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The Importance of Developing a Complaint Handling Procedure

Chris Murray
Posted on: June 12, 2019 by Chris Murray

Millions of adults receive care in nursing homes in the United States. These facilities offer comfortable residences, expert medical care, and assistance with daily tasks in a compassionate and competent manner. Unfortunately, even the best facilities experience complaints, both from residents and their family members. In addition to nursing home insurance as part of a comprehensive risk management plan, nursing facility managers must be able to manage any complaints that arise. By adopting complaint handling procedures, nursing homes can both recognize and respond to resident complaints, helping to reduce liability exposures.

Common Complaints in Nursing Homes

Before delving into the topic of developing a complaint handling procedure, it can be useful to understand some of the most common complaints nursing homes face in their daily operations. Many of the most common complaints are entirely valid and are typically brought by residents or residents’ family members in situations where the health and safety of residents may be compromised. According to a leading nursing home consumer resource, the five most common complaints are:

  1. Inadequate response to calls – Slow responses to calls lead residents to believe their needs are not being met promptly, and this often results in complaints.
  2. Inadequate staffing – Staffing shortages and high turnover rates in staff give residents the impression that the facility is not adequately prepared to provide care. Of course, this is a very common source of complaints in the industry.
  3. Food quality issues – Quality and variety of foods, or the lack thereof, are a perennial source of complaints in nursing homes.
  4. Sleep disruptions – Round-the-clock care, loud neighbors, and conversations between staff members after hours can disrupt residents’ sleep schedules. This may lead to a significant number of complaints.
  5. Lack of activity/social interaction – Elderly residents often feel disconnected from their environment, especially when social interaction or lack of activity creates a sense of isolation among residents.

Developing Complaint Handling Procedures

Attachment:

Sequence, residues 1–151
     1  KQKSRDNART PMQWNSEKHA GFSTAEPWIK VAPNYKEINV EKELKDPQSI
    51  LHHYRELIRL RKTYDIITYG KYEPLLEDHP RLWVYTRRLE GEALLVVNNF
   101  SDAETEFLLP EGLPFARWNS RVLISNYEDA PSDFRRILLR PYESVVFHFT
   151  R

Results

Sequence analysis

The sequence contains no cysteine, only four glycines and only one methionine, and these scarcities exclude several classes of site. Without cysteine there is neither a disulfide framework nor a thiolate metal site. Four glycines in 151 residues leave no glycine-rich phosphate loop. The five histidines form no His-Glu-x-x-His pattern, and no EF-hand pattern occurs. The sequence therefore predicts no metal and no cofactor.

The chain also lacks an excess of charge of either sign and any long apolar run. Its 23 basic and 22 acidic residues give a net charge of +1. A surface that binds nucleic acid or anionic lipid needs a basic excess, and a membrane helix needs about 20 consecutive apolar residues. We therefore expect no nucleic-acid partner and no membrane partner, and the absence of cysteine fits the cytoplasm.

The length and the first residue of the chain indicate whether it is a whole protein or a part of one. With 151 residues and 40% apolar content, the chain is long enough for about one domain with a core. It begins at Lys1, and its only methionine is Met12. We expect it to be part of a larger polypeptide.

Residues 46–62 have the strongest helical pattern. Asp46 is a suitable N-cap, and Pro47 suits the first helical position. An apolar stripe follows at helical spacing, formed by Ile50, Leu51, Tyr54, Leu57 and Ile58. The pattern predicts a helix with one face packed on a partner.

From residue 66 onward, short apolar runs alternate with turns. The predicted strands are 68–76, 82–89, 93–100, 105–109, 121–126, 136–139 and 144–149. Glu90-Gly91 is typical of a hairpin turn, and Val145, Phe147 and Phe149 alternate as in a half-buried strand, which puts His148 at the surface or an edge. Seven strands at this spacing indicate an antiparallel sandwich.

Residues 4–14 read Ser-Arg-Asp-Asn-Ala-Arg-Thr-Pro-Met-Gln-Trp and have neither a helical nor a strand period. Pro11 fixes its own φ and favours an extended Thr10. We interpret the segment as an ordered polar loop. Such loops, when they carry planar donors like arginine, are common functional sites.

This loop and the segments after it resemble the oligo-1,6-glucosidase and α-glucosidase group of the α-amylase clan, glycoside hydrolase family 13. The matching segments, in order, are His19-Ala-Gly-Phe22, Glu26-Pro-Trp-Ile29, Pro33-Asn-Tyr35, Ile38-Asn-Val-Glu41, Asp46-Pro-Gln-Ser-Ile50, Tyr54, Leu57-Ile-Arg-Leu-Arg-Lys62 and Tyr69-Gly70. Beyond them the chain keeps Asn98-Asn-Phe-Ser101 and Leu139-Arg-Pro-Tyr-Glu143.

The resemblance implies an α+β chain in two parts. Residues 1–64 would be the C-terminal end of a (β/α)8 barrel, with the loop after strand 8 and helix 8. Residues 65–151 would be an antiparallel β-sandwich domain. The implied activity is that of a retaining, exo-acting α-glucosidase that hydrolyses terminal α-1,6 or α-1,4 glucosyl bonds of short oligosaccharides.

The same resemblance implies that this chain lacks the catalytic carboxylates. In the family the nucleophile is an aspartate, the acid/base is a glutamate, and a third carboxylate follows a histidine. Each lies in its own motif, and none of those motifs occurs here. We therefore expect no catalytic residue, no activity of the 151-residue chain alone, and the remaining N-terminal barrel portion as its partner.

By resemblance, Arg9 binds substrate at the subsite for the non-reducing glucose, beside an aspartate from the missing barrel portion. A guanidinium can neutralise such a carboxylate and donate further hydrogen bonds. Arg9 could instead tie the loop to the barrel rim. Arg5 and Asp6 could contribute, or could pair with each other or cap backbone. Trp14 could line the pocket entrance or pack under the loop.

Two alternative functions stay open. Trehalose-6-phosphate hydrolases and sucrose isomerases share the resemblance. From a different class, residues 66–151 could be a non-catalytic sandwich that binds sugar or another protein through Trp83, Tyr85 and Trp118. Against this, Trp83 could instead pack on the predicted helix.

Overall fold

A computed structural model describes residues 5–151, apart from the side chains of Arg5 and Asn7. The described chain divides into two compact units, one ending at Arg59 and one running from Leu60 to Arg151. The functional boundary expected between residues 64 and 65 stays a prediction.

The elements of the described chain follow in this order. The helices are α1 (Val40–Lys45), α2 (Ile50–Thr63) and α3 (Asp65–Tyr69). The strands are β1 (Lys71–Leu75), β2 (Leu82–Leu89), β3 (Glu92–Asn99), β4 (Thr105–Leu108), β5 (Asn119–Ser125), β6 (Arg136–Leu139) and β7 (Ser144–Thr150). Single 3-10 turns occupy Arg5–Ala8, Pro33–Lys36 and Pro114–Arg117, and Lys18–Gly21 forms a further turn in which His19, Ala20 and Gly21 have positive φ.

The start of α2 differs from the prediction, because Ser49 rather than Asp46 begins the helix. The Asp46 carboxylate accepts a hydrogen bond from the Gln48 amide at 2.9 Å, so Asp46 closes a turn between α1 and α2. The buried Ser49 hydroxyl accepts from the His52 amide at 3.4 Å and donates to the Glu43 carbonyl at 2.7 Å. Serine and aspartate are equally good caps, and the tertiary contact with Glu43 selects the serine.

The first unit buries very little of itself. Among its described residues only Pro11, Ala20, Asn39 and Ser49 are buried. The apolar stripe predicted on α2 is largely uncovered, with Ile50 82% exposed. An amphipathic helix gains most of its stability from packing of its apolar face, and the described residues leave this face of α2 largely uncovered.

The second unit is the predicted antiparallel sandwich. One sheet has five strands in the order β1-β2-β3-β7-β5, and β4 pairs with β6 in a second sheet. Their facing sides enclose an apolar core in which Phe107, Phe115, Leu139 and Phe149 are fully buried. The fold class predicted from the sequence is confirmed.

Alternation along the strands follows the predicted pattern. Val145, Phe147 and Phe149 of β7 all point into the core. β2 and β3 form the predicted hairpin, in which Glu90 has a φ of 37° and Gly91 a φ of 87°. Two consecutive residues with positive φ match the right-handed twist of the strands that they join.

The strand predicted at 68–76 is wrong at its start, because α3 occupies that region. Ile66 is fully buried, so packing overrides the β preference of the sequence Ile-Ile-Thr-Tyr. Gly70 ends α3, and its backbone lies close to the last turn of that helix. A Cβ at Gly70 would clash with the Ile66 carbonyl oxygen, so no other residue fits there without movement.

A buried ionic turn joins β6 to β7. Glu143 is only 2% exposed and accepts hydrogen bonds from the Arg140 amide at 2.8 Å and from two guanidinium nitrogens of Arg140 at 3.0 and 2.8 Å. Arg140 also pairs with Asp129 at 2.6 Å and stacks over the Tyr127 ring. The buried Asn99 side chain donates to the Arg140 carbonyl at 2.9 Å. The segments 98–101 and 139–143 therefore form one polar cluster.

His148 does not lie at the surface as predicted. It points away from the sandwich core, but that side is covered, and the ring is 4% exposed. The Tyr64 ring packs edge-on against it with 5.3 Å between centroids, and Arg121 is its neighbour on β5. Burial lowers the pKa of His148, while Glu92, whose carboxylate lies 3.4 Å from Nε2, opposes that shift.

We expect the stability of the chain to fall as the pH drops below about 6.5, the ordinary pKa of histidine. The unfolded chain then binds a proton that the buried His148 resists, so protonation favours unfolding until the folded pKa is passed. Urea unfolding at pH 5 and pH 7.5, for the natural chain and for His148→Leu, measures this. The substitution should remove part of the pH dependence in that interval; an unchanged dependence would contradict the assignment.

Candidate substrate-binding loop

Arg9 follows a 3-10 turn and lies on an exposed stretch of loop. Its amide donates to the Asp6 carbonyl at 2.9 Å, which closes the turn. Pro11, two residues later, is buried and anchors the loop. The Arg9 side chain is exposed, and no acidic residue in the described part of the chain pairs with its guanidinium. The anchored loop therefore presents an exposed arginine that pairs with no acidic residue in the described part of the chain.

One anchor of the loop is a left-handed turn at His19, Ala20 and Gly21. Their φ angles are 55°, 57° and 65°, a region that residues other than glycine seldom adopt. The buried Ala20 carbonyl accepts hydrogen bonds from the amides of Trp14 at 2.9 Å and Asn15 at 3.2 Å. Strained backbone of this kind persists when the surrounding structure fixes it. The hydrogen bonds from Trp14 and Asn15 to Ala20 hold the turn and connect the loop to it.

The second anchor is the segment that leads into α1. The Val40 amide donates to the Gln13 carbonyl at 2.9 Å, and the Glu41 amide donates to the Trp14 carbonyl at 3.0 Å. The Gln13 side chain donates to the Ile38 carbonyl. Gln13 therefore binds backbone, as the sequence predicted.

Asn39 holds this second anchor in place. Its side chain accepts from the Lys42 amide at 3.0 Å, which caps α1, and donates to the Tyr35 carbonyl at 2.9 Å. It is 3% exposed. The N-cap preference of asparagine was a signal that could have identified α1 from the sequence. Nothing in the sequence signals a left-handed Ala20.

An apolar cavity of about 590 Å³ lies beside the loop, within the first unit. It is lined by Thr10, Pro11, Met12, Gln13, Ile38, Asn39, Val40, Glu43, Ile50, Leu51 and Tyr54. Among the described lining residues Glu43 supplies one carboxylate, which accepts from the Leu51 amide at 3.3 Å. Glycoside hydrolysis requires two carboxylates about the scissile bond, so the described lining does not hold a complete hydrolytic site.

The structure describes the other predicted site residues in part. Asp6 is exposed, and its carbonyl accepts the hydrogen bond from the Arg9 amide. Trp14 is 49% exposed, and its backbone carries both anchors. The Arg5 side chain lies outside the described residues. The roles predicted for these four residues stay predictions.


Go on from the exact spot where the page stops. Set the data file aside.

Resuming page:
Faced with numerous common complaints by nursing home residents and their family members, it is critical that facility managers develop plans to handle them. Keeping residents satisfied with the quality of care and living arrangements available has long-term benefits for the facility, so it makes sense to embark on a complaint handling plan. The best facilities see complaints as opportunities for growth and for improvement, initiating procedures to reduce or even eliminate some of the most common complaints.

The first step in creating a complaint handling plan may seem counterintuitive, but this aspect is vital for the success of the resulting plan. To begin, facility managers and staff should encourage residents and their visiting family members to voice their concerns – in many cases, facility managers may be unaware of certain concerns that lead to frequent complaints.

The next step in the complaint handling process is to document all complaints carefully. A written record of each complaint and the factors that led up to it is a treasure trove of information, allowing managers to better understand how complaints arise. Documenting issues is also an important part of the risk management process; documentation of complaints may be of extreme value if a legal challenge is filed against the facility. Many nursing home insurance policies recommend documentation of complaints and issues regarding the health and safety of residents. It is often a good idea to designate a staff member as a complaint contact; he or she is responsible for gathering information on complaints and speaking to affected parties directly.

Once complaints are documented and the underlying causes of common complaints identified, it is time for facility stakeholders to develop resolutions. Resolutions to complaints need not be complex, but they should be a tangible indicator that the facility takes complaints seriously and wants residents to be as comfortable as possible. Altering certain meals, establishing evening “quiet times”, and addressing staffing shortfalls have a measurable effect on complaints, and many of these factors are relatively easy to implement. Resolutions should be communicated to affected residents and their family members, giving them the ability to add their own feedback.

Risk Management: Reducing Common Complaints

Nursing homes have a duty to provide expert care with compassion to the residents who depend on these important services. By creating a complaint handling procedure, facilities supplement the risk management tools at their disposal, including nursing home insurance, staff training, and hazard mitigation. Reducing or eliminating common complaints should be the goal of every long-term care facility, giving them the advantage of a satisfied clientele who are likely to stay within the facility instead of seeking care elsewhere.

About Caitlin Morgan

Caitlin Morgan specializes in insuring assisted living facilities and nursing homes and can assist you in providing insurance and risk management services for this niche market. Give us a call to learn more about our programs at 877.226.1027.

Posted in: blog Nursing Home